When Dave and Linda Bennett bought this '64 2+2 in November 1995, they decided the concours restoration route was out of the question. Why bother going through all the trouble of restoring this car only to put a stock 389 2-barrel engine back in it? "I wanted something with a nostalgic look, but big power. So I decided a 421 and a TH400 automatic would be the setup for me," Dave said.
Dave got the Pontiac from its second owner. "He removed the stock induction and installed a Tri-Power induction system," Dave remembered. The body was in good condition, but the floor pans had rotted from the inside out.
The interior is virtually untouched. The only modifications are the addition of the VDO ga
Once Dave wheeled it into his Burnsville, Minn., two-bay garage, he almost immediately removed the body from the frame. The entire suspension was disassembled, and all hardware was sandblasted and repainted. New bushings, balljoints and tie rod ends were installed, along with stainless-steel brake lines, relined aluminum brake drums and emergency brake cables. Since he planned on taking it to the track once finished, Dave added a set of Indian Adventures lower control arms for better traction.
With every intention of retaining the stock look, Dave had a set of 8-lug wheels customized to run wider and taller tires for better traction both on the street and at the track.
No 389 here. The factory engine has been replaced with a 421 built with Edelbrock heads an
The next order of business was the powerplant. Dave found the '63-vintage engine in California and had it shipped to his house. He brought the mill over to Total Engine in Bloomington, Minn., where it was put in the trusted hands of Ken Frison. Dave left Ken with strict orders: "Build me 500-plus horsepower."
The engine was internally balanced and assembled using the factory Armasteel crankshaft and JE-forged pistons wrapped with Speed Pro rings mated to Oliver connecting rods. The beefy bottom end is lubricated with a Melling oil pump and covered with a 7-quart oil pan. Topping off the bulletproof bottom end is a custom-ported set of Edelbrock aluminum cylinder heads machined by Rock & Roll Engineering in Grand Torrance, Calif. When mated to the block, the heads, combustion chambers and the piston design yield a massive 12.5:1 compression ratio.
At first, it looks like a stock '64 2+2, but then you see the wheels and immediately you c
Actuating the T&D Machine shaft-mounted roller rocker arms with a 1.5 ratio that Dave bought used from a friend is a "secret" custom-grind Competition Cams roller shaft. The induction system consists of a reproduction "bathtub"-style intake manifold and two 500-cfm Carter AFB carburetors. Mating the "bathtub" intake to the heads posed quite a problem, since these intakes were designed for early style cylinder heads. Ken at Total Engine repositioned the runners in the intake manifold using epoxy, welding and extensive port work. When he was finished, the runners matched the aluminum cylinder heads perfectly.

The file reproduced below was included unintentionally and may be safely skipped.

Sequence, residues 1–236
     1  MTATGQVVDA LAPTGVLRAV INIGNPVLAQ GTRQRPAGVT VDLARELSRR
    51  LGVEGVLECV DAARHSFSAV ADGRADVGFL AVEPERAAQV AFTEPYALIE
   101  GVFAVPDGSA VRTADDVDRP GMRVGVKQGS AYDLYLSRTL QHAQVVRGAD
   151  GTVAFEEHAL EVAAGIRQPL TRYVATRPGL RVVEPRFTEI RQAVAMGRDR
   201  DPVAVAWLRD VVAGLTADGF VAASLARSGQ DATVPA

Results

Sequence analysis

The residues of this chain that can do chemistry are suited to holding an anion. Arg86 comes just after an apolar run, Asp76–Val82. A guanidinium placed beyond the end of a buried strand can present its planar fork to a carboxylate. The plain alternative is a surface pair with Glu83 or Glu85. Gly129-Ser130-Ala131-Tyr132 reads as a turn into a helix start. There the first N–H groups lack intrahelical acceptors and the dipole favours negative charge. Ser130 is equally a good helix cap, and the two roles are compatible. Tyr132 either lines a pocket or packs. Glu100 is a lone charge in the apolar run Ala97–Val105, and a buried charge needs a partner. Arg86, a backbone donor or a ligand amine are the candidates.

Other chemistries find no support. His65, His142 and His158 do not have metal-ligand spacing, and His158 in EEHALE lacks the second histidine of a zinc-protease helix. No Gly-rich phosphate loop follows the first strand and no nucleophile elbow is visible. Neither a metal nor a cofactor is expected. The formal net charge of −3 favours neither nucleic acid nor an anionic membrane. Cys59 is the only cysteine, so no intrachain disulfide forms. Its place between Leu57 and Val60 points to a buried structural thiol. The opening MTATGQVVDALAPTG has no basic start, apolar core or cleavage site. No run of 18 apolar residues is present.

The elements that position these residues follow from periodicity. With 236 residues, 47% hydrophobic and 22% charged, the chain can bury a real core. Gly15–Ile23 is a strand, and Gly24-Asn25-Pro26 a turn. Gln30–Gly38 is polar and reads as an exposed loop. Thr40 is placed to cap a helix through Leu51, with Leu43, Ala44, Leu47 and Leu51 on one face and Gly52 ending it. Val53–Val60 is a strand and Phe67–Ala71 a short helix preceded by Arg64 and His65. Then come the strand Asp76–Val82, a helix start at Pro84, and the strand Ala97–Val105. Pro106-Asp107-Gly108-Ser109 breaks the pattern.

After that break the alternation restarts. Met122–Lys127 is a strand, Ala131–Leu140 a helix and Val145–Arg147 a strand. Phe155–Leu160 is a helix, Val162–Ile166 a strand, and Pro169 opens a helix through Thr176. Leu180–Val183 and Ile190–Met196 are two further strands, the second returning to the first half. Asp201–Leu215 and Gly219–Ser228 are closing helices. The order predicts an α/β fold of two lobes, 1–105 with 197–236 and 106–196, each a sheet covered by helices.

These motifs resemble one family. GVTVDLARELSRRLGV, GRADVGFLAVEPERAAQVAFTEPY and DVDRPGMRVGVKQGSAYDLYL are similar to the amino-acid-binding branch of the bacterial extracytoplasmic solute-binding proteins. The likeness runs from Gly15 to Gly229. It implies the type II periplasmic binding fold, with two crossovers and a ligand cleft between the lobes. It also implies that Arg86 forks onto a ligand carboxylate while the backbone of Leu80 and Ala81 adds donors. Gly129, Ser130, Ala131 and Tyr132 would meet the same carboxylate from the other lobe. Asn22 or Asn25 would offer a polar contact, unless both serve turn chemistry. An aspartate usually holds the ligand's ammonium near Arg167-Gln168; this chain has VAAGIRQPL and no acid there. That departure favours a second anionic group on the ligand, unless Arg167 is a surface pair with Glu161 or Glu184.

Ignition system modifications include an MSD spark amplifier, coil, distributor, Taylor wires and NGK spark plugs. Once the air/fuel mixture is burned in the combustion chamber, it is then released through TGW Motorsports headers and dual 21/2-inch pipes and twin Dynomax mufflers.
Between the flawless black quarter panels is the stock rear end. For street use, 255/70R15
Behind the engine is a TH400 transmission that was beefed up by Swimm's Transmission in Plainville, N.Y., and a 3000-stall-speed converter. Mounting the TH400 was not a simple task. Many modifications had to be made to get it to fit in the 2+2. First off, the holes in the bellhousing needed to be enlarged to fit the larger-diameter bolts that mount it to the engine. Once the bellhousing was in place, Dave found out the hard way that he couldn't mount the starter when using an old-style block (no provision since the starter was trans-mounted) and a newer transmission (no provision because the starter was block-mounted). Therefore, he had to fabricate a bracket and use a Tilton mini-starter mounted upside-down. So far it has worked, and he hasn't had any problems with this design.
Another problem was with the tailshaft. Dave could have used the stock unit, but the crossmember would have needed to be relocated because of poor clearance with the 21/2-inch pipes. Instead, he installed a tailshaft from a Cadillac, and no further modifications were required.
Dave also used a Shift Works tranny cable that enabled him to use the stock console, and a faceplate from a '65 2+2 with the TH400 shift pattern. He did such a great job on the conversion that only the keenest eye would notice these changes.
Once the mechanicals were finished, Dave focused his attention on the body. Luckily, it didn't need any major work. So the Pontiac was sanded and refinished in black using a urethane basecoat/clearcoat system. On the inside, Dave tells us that the interior didn't require refurbishing. However, he did add VDO gauges and a shift light.
Now that the 2+2 is finished, both Dave and Linda love driving it. "The Pontiac was built as a street car capable of everyday use, yet of show quality," Dave tells us. "It has all the street manners of a stock '64, but when the pedal is dropped, the 500-plus-horsepower engine pins you into the seat. With 3.23 gears, the engine only revs to 2200 rpm at 70 mph. On the other hand, using 4.56 gears, the Pontiac lifts the front wheels and runs the quarter-mile in the 12.20s at 113 mph at Grove Creek Dragway in Minnesota." Dave thinks that the potent Poncho will easily dip into the 11s on a track at sea level.
The combination of mostly stock looks combined with go-fast mods make this 2+2 equal to a 10 on the strip and on the street.